A message from Jean Becker (Inuk), Associate Vice President, Office of Indigenous Relations
“The month of June is National Indigenous History Month. National Indigenous People’s Day takes place on June 21, also known to many as the summer solstice.
It is the shared responsibility of all peoples on this land to acknowledge the historic and ongoing colonial relationship with the First Nations, Inuit and Metis Nations, who make up the Indigenous Peoples of Canada and actively work towards truth, reconciliation and decolonization.
It is equally important that we make space for the celebration of varied historic achievements of Indigenous Peoples, as well as current contributions on UWaterloo’s campuses and further afield. National Indigenous History Month is a time for celebration, gratitude and knowledge-building around the diversity, rich history and experiences of Indigenous Peoples and communities.
I am pleased that the University of Waterloo is committed to building long-term relationships with Indigenous Peoples based on respect and reciprocity. We are delighted to share the University of Waterloo Indigenous Strategic Plan 2023-2028, which guides the University towards its goal of indigenizing and decolonizing the institution. The plan outlines a clear path for the University to implement the Truth and Reconciliation Commission’s Calls to Action, as well as the United Nations Declaration on the Rights of Indigenous Peoples.
This June, we also have an exciting range of events planned in honour of National Indigenous History Month, which you can learn more about below. It is our hope this month and every month that we move beyond words and take meaningful and direct actions on this shared journey towards reconciliation and decolonization.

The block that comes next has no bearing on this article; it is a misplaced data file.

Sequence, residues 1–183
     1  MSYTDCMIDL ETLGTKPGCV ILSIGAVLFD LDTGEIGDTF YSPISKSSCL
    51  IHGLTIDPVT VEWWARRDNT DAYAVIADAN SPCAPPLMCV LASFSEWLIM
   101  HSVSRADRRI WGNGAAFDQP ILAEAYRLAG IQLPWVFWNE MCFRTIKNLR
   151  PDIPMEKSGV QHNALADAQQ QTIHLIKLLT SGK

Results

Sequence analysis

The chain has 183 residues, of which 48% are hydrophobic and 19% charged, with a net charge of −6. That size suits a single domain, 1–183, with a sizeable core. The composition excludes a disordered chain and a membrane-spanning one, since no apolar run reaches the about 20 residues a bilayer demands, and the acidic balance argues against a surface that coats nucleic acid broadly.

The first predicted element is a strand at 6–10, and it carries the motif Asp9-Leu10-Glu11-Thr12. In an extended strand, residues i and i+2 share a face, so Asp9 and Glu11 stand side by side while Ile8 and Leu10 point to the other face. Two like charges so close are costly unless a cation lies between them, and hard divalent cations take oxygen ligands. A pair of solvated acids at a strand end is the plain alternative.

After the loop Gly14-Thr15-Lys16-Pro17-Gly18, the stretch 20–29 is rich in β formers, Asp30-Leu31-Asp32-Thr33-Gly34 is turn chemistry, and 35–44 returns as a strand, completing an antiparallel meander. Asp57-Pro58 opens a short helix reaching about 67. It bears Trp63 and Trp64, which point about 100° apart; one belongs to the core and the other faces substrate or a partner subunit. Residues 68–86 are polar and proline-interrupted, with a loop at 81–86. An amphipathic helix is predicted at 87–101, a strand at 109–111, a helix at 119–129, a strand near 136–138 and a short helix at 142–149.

Read about our students, researchers and alumni who are making a difference.
Circle donors help support grassroots initiatives like the Indigenous Research Guide, a project aimed at advancing Indigenous studies and research on campus.
Q and A with the experts: The role of Indigenous women in the preservation and transmission of traditional knowledge
Waterloo historian and anthropologist explains how the importance of women in the community is inextricably tied to the land
June 8 | Indigenous Movie Night!
June 21 | Indigenous Peoples Day Hangout!
Visit the event page for more information.
Bringing the acknowledgement, celebration and awareness to campus not only makes space for Indigenous people to be seen and included, it equips everyone with the education and tools needed to create a knowledge driven and inclusive community.
Indigenous funds to support
Provides financial assistance to Indigenous students experiencing financial hardship. The fund addresses a range of needs including emergency housing-related expenses, rental payment, funding security, and education enrichment.
Supports programming needs of the Office of Indigenous Relations. Under the direction of Associate Vice-President, Indigenous Relations, this unrestricted fund allows the office to fund urgent projects that may arise.
Supports and promotes Indigenous Initiatives, and makes Indigenous histories and cultures more visible on campus through Indigenous-led programs, activities and events, including the annual Indigenous Speakers Series which highlights the voices of Indigenous artists, writers, activists, scholars and leaders from across Turtle Island.
The Longhouse Labs will provide emerging Indigenous visual artists with residencies and exhibition opportunities at Waterloo. Creating appropriate, dedicated and resourced space is a critical first step in supporting the experience of the artists.
Supports racialized youth in Grades 1 to 12 through programs and activities, and provides bursaries and/or scholarships.
Supports activities related to diversity initiatives, including programming, outreach, research and awards.
Note: The Office of Indigenous Relations manages a list of awards available for Indigenous Students